I’ve been preparing some training materials around on-boarding new Administrators to Autodesk PLM and have not one, but two tips today! First, I’m going to dig up one of my very first blog posts from almost 4 years ago (time flies!) and remind folks that you can see the tab type right in the URL. Check it out: Tip Tuesday! Tab: Not just a retro soft drink.
The add-on to this is that you can see what the tab used to be named in the Workspace Manager, as well as revert back if desired. You can also rearrange the tabs (except for the Item Details one – you can rename, but not move that). Something else to bear in mind – only the tabs that are available via permissions added to a role given to a group will be visible.
Following last year's Accelerate conference in Boston, we received tons of feedback from goers that they would like the opportunity to hear from other PLM users year-round. Since September, we've held two user groups, featuring 5 different companies, covering 3 overall topics. The hope is to help our customers learn best practices, tips and tricks, and new ways to use (and enhance their experience with) PLM - not from us, but from fellow PLM 360 users. Next month we'll be holding user group no. 3. Come hear from Behlen Mfg. Co.- Shane Wemhoff will talk processes (workflows) in PLM, followed by live examples showing their integration of PLM and ERP from Trenton Earley.
More than 150 new car models are planned to be introduced by 2018. With the increased complexity in vehicle technology and shorter time-to-market deadlines, the automotive industry faces relentless pressure. Suppliers are also challenged to manage critical quality control processes such as FMEA, APQP, CAPA and PPAP.
How can PLM help with recurring bottlenecks, and to differentiate from competitors? Check out the video below, or get signed up for our upcoming webinaron April 27th!
Today’s tip is hot off the presses from a recent Discussion Forum post. There was a question about adding Classification fields to the BOM Views on the BOM tab. While this currently isn’t possible, there’s a great workaround to achieve the desired result (and this can also be displayed on the Item Details page). It’s covered in detail in an Autodesk University class from last year, Keep Your Tenant Cutting Edge, Part 2: Advanced PLM 360 Classification Techniques. I'll include another example in this post as well...
The Classification information can be used to drive the description field.
For background – here’s a look into the Classification Manager set up for this class:
This is done by concatenating the values from the classification along with some text:
Last year we highlighted PLM 360 customer Automatic Labs, maker of a connected device that helps you to improve driving with real-time data, find your car in the parking lot, decode engine issues, and more. He shared his journey of moving from Excel to a PLM tool.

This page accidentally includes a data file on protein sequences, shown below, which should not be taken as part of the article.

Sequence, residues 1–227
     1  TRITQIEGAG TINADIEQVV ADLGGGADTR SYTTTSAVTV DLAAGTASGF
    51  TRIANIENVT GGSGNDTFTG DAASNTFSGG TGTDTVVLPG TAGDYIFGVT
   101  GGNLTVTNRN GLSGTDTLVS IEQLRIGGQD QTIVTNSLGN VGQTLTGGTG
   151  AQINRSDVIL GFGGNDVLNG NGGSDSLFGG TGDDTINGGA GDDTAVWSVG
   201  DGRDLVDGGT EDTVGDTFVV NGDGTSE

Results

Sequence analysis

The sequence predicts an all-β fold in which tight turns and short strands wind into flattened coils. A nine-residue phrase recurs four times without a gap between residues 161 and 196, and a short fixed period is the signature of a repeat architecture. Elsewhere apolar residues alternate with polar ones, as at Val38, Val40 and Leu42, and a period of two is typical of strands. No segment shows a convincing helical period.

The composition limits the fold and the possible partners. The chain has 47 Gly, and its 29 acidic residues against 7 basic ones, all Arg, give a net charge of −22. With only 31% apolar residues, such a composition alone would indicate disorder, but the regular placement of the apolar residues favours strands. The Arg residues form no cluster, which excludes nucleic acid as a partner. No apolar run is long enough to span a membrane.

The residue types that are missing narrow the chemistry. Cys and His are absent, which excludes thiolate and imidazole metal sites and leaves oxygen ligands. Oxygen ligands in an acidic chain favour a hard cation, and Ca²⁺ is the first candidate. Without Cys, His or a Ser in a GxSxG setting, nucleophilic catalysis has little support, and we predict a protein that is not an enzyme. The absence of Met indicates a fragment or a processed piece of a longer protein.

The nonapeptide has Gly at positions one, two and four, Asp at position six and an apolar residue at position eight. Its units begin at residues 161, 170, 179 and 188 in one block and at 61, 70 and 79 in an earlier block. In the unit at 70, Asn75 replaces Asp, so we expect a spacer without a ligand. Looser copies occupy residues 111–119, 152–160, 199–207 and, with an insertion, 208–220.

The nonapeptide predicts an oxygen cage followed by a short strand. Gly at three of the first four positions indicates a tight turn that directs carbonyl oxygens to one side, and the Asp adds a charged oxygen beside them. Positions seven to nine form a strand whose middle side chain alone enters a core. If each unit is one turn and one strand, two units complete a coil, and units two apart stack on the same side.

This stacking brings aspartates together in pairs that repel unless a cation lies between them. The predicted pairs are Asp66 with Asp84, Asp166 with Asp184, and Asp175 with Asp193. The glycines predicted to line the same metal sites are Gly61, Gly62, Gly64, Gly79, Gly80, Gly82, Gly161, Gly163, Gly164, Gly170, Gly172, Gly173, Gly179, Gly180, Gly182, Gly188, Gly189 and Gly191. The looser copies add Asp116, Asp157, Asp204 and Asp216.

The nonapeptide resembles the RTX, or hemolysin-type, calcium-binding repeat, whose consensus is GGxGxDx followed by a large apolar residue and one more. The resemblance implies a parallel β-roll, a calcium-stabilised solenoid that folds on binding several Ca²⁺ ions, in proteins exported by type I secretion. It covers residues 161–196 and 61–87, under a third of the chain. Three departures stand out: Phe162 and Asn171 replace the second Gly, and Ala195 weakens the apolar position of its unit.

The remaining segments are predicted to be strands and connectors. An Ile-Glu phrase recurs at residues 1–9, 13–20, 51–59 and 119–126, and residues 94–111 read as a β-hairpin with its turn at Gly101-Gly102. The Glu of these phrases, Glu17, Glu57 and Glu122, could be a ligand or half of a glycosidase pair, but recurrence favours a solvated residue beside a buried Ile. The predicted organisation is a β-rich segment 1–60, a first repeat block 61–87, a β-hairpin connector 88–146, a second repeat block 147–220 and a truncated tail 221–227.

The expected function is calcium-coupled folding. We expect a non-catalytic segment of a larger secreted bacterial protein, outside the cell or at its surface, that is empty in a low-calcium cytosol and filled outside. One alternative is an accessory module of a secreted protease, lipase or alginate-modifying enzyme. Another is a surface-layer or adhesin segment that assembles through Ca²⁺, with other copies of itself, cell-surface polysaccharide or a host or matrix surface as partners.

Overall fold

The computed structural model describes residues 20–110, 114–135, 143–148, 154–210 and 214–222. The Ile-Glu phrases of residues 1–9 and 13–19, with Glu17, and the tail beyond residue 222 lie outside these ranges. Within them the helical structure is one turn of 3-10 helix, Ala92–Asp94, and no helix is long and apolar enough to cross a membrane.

Needing to get those details out of Excel and into a product lifecycle management tool, DeJesus found that the BOM-management solution in Autodesk PLM 360 offered the functionality to manage a wide range of revisions. For example, if an engineer orders a wrong part because he or she doesn’t know that the team has moved on to an entirely new revision, that sets the whole process back. “Stabilizing the manufacturing process by getting it out of Excel into PLM 360, I knew that would happen,” DeJesus says. “But the SKU proliferation is also manageable now.”
A big time saver when working with Bill of Materials is to add affected items. If you have a significant BOM structure, you can grab parents and children all at once. This eliminates errors and serves as a catch all, as well as provides an understanding of what your proposed changes might do to corresponding parts and assemblies.
I’ve recently been spending time teaching some folks how to fish – i.e., how to be a PLM 360 Admin. One thing I like to teach is how to reuse existing scripts and techniques in the default tenant – ones like the library scripts ‘isOwner’ or ‘createNewItem’ can be employed as you develop new workspaces. Another great resource is the Scripting Examplessection of the Help Guide. I know, I know… reading a Help Guide isn’t as riveting as most novels (kinda like reading the phone book – no plot, just lots of characters). However, there are a lot of great examples and code snippets in there and my tip today is to make sure you know it’s there and peruse it a bit.
Any particular examples you’d like to see added to the Scripting Examples? Let me know!
If you’re reading this, I assume it’s because you enjoy PLM 360 tips! Join me next week for PLM Talk– I’ll be going over some End-User Tips, Tricks, and Training information. In addition to covering some of my favorite tips I share when training end users, we’ll talk about developing end-user training materials.